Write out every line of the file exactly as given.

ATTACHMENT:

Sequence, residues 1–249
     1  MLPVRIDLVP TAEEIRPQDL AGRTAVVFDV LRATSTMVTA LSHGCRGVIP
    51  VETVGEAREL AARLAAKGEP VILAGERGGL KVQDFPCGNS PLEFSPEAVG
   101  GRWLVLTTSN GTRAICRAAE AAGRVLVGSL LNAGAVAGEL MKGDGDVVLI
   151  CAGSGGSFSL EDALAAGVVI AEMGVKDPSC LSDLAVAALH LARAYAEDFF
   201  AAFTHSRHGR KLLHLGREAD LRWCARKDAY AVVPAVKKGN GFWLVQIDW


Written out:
Sequence, residues 1–249
     1  MLPVRIDLVP TAEEIRPQDL AGRTAVVFDV LRATSTMVTA LSHGCRGVIP
    51  VETVGEAREL AARLAAKGEP VILAGERGGL KVQDFPCGNS PLEFSPEAVG
   101  GRWLVLTTSN GTRAICRAAE AAGRVLVGSL LNAGAVAGEL MKGDGDVVLI
   151  CAGSGGSFSL EDALAAGVVI AEMGVKDPSC LSDLAVAALH LARAYAEDFF
   201  AAFTHSRHGR KLLHLGREAD LRWCARKDAY AVVPAVKKGN GFWLVQIDW